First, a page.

March 9, 2017
March 9, 2017
How to beat Gennady Golovkin

Action Images/Andrew Couldridge

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Gennady Golovkin may be the most feared fighter in the world today, but Andre Rozier isn’t quite convinced. That’s not to say Rozier, who trains WBA secondary middleweight champion Danny Jacobs, 32-1 (29), doesn’t respect the prowess and accomplishments of the unified middleweight king. With a Golovkin-Jacobs spring showdown set up, the 52-year-old Brooklyn, New York native is brimming with confidence. 

Much of that confidence stems from Rozier’s firm belief in destiny. He and Jacobs began working together when Danny was a child. Jacobs was once the hottest prospect in boxing before a shocking loss to Dmitry Pirog in 2010 cooled the buzz off. Eight months later, he was diagnosed with a cancerous tumour and paralysed from the waist down. Jacobs was unsure if he’d walk again, let alone box. He’s since reeled off 12 consecutive wins, all inside the distance. According to Rozier, however, their story is far from over. Read on to hear what he had to say as he and his charge prepare for the biggest challenge of their career.

Golovkin just recently fought Kell Brook. Did you catch that fight and, as a trainer, what were your thoughts?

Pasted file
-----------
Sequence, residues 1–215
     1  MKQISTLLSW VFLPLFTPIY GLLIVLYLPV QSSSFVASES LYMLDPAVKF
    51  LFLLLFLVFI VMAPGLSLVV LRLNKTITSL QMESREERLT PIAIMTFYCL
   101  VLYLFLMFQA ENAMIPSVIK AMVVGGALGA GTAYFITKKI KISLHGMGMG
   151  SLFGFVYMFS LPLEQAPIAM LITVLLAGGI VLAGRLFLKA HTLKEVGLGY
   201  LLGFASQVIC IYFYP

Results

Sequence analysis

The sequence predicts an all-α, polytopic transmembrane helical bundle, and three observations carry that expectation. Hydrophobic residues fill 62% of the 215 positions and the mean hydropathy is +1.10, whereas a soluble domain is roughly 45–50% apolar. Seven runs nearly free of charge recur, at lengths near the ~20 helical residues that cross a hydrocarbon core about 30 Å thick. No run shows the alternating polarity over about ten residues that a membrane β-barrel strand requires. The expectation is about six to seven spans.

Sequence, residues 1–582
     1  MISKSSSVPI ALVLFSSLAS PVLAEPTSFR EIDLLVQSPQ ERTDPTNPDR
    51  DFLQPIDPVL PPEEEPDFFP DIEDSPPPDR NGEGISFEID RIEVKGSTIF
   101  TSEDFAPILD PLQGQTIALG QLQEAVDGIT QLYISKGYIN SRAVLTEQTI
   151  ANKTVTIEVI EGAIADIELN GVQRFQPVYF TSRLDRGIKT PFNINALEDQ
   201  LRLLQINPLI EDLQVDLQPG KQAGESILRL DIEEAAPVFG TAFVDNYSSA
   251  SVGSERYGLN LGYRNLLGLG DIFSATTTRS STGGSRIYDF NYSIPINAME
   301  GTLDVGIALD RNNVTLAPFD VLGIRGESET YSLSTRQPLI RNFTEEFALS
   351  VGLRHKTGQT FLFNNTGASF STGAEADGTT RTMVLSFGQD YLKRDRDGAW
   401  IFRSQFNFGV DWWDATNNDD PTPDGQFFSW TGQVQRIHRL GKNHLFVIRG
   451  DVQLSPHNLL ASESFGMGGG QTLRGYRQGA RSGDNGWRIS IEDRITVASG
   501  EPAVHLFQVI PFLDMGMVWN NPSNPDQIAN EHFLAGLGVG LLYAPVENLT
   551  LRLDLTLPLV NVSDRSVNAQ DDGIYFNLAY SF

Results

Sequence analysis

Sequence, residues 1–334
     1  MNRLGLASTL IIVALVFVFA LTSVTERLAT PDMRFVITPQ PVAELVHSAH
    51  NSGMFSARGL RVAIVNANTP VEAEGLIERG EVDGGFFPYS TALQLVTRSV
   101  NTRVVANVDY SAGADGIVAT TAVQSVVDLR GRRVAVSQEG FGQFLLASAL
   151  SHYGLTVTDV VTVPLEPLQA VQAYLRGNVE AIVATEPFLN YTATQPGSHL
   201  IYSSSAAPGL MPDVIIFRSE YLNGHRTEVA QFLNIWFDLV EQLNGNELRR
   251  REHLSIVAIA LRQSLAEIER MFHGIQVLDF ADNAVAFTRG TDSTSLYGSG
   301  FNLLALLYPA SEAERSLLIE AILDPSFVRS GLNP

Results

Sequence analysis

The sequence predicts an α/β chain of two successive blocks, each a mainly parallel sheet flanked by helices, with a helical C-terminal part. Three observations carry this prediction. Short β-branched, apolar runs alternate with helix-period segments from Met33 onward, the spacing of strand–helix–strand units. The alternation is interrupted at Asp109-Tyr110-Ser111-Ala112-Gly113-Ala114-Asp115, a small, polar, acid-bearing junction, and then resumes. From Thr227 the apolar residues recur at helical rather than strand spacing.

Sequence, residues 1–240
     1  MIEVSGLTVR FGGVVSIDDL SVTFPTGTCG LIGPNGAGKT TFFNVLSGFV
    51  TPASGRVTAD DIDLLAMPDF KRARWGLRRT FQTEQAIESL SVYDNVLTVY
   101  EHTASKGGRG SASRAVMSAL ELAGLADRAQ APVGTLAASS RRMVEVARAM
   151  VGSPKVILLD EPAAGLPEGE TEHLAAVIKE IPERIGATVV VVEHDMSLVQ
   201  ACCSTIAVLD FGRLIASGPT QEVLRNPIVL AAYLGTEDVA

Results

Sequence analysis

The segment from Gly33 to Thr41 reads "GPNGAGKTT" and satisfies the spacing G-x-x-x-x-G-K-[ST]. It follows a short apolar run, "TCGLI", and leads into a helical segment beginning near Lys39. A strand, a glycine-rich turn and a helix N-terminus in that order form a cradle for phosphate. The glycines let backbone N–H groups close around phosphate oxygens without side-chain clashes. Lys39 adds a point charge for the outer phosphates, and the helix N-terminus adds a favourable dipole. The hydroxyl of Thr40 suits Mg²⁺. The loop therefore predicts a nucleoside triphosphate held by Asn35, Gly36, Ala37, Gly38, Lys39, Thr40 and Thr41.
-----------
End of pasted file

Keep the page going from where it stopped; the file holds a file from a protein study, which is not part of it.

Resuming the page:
Well, I thought that if Brook was a bigger dude, there might have been some serious complications on that day for “GGG”. You see little things that happened and if they were done by someone else, a different fighter, the outcome would certainly be different.

When I trained Curtis Stevens against “GGG”, I expected the marauding, assaulting Curtis to perform. But it seems like after he got knocked down in the second, it sort of put him in a shell. He started coming out of that shell in the fifth round, when he began lacing “GGG” with some shots, but he didn’t keep it going. So I was really upset because when he had the moment to keep rising, he chose to put it in neutral instead of putting that sucker in drive. Danny won’t do that.

There are questions regarding Jacobs’ chin, based on the Pirog fight and the knockdown against Sergio Mora in their first bout. Is this a concern dealing with ‘GGG’s’ power?

“GGG” is going to have to worry about the power of Jacobs. They have virtually the same KO percentage. Danny is a lot faster than “GGG”. And he has better footwork.